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Michael Jinkins


I’ve recently fallen into the habit of restlessness. This is not a good habit.

The last time I recall being conscious of feeling restless was a couple of years ago, but I recognized the feeling immediately when I realized it was happening again.

The time before was when I lived at the edge of the lower Garden District, in an apartment complex near the river. It was a Friday. My day off. I sat down to meditate, but instead found myself repeatedly getting up to take care of something or the other and then sitting down. And when I finally made myself sit still, I wasn’t remotely still inside. I was restless.

That’s an interesting word, restless.

My breathing gets shallow when I’m restless. Small furry creatures inhabit my abdomen and run around a wheel inside me when I’m restless. My mind skips from one chore to another that wants to be done, promising, lying, “just do this and you can rest.” Then when that’s done, it says, “Oh, I forgot. You need to do that too.” Or “maybe you should go get a nice cup of coffee before you sit.”

The only thing for restlessness is rest, and that feels like a sort of torture when your mind falls into restlessness.

Today when I felt restless I discovered another odd thing about it. I’d gotten about the usual time, brushed my teeth, made tea. I’d read the disquisition of lament that passes as the day’s news. Cleaned the kitchen. Visited with family. And when chores were done, I told Debbie I felt a need for spiritual nourishment, so I went, alone, upstairs to listen quietly to a favorite contemplative podcast, and to meditate.

I settled in, and sat still.

That’s when I realized that I was making myself restless. Something else wasn’t doing it to me. And when I sat quietly to listen, I found myself picking up my phone to check for messages, texts, emails. I’d listen for ten minutes, this shortness of breath, this urge to get up and do something eating at me. I’d give in to the urge. Stop. Get up. Do something quickly. Sit again. Listen. But I never lost myself in the conversation to which I was only half-listening.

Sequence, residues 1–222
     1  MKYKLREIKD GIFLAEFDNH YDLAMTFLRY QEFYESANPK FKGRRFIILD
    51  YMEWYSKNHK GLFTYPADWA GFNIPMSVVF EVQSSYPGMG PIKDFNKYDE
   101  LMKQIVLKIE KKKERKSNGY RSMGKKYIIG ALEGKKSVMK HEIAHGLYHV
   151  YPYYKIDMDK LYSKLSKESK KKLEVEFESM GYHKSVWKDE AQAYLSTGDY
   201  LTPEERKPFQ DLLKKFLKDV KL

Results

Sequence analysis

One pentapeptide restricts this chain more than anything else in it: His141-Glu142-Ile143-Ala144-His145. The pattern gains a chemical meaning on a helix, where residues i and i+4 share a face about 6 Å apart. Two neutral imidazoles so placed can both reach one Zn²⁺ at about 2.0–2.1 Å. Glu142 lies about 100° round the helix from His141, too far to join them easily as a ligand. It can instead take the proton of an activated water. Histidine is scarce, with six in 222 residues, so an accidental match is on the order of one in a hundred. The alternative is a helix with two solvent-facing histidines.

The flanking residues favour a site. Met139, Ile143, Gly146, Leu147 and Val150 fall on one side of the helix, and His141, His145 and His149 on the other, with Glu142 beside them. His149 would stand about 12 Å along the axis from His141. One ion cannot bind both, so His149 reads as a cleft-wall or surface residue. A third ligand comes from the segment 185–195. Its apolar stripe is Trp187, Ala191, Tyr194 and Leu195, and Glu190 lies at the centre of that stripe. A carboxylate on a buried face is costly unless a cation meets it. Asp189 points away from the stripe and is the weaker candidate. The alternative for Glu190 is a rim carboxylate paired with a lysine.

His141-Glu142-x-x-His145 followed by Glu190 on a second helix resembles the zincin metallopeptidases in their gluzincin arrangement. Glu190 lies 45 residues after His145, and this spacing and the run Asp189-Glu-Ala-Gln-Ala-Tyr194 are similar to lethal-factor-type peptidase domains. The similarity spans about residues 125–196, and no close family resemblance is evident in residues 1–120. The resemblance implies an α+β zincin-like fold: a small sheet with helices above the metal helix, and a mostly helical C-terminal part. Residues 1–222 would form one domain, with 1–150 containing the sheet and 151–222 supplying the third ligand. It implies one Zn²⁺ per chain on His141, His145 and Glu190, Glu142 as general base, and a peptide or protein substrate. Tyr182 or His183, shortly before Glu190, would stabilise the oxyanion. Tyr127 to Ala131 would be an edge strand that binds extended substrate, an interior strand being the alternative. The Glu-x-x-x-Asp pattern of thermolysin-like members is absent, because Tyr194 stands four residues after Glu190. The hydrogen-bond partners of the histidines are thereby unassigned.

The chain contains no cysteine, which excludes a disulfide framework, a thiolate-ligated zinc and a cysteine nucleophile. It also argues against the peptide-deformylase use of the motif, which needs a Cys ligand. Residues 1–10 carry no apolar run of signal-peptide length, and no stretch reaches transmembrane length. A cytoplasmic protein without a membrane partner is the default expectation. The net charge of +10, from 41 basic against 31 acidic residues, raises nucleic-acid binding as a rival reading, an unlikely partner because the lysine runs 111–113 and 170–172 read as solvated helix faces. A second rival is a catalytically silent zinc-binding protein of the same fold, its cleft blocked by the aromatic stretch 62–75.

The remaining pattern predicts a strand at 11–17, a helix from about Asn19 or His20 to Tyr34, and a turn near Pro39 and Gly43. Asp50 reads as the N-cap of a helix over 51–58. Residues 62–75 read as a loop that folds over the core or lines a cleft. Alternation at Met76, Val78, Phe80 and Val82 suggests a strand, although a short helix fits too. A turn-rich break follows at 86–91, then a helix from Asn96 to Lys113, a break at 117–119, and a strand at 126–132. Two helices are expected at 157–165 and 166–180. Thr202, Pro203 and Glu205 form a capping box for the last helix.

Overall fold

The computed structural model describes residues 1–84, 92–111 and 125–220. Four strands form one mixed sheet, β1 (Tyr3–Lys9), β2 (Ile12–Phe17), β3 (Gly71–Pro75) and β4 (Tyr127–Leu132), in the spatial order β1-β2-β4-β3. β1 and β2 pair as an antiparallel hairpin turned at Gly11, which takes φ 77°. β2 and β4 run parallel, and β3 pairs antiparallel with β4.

To be restless is to be without rest. It is to fall into the habit of not resting to such an extent that rest does not settle in our bones. In that state, we act out of restlessness, and whatever we do manifests that same character. If we interact with others, we do not share ourselves, or wisdom, or compassion, or care; we share only our restlessness. And there’s no shortcut to a cure for restlessness. It requires rest.

And, ironically, the fact that many of us are isolated, at home, some of us even relatively inactive these days, doesn’t mean restlessness decreases. Indeed, for most of us, it is on the increase. And, strangely, those of us who do find ourselves busy in this time, as often happens among those with their hands full with remote work and childcare and home-schooling, the deep need for rest eludes us even when we are exhausted.

The pure actuality that is divine being (what medieval Christian theologians referred to as God as Actus Purus) precedes even potentiality, because it is unconditioned. God does not, we might say, stir himself to act; he is at all times for all eternity “actuality at rest.” That’s why God never gets restless. Again, God doesn’t “stir” himself to act because his actuality is at rest. God acts, we might say, without being stirred. Unfortunately, for us, we find ourselves stirred incessantly, whether real action is called for or not, as though our actuality depends on the stirring. This incessant stirring wears a channel of reactive habit in our souls.

And the only cure starts with an awareness of the habit, an awareness of the feeling, an awareness that busy-ness only reinforces it, and an awareness that the only cure is to rest. We become uneasy with the restlessness, and this disquiet opens the door to rest. Then comes the hard part: stepping through the doorway, breathing in place, gently inviting ourselves in our restlessness to rest, graciously observing the compulsion “to get up,” but allowing that compulsion to pass without being driven to react, resting in the pure actuality that God shares with us until rest is restored. Then we may have something worth sharing with those around us.

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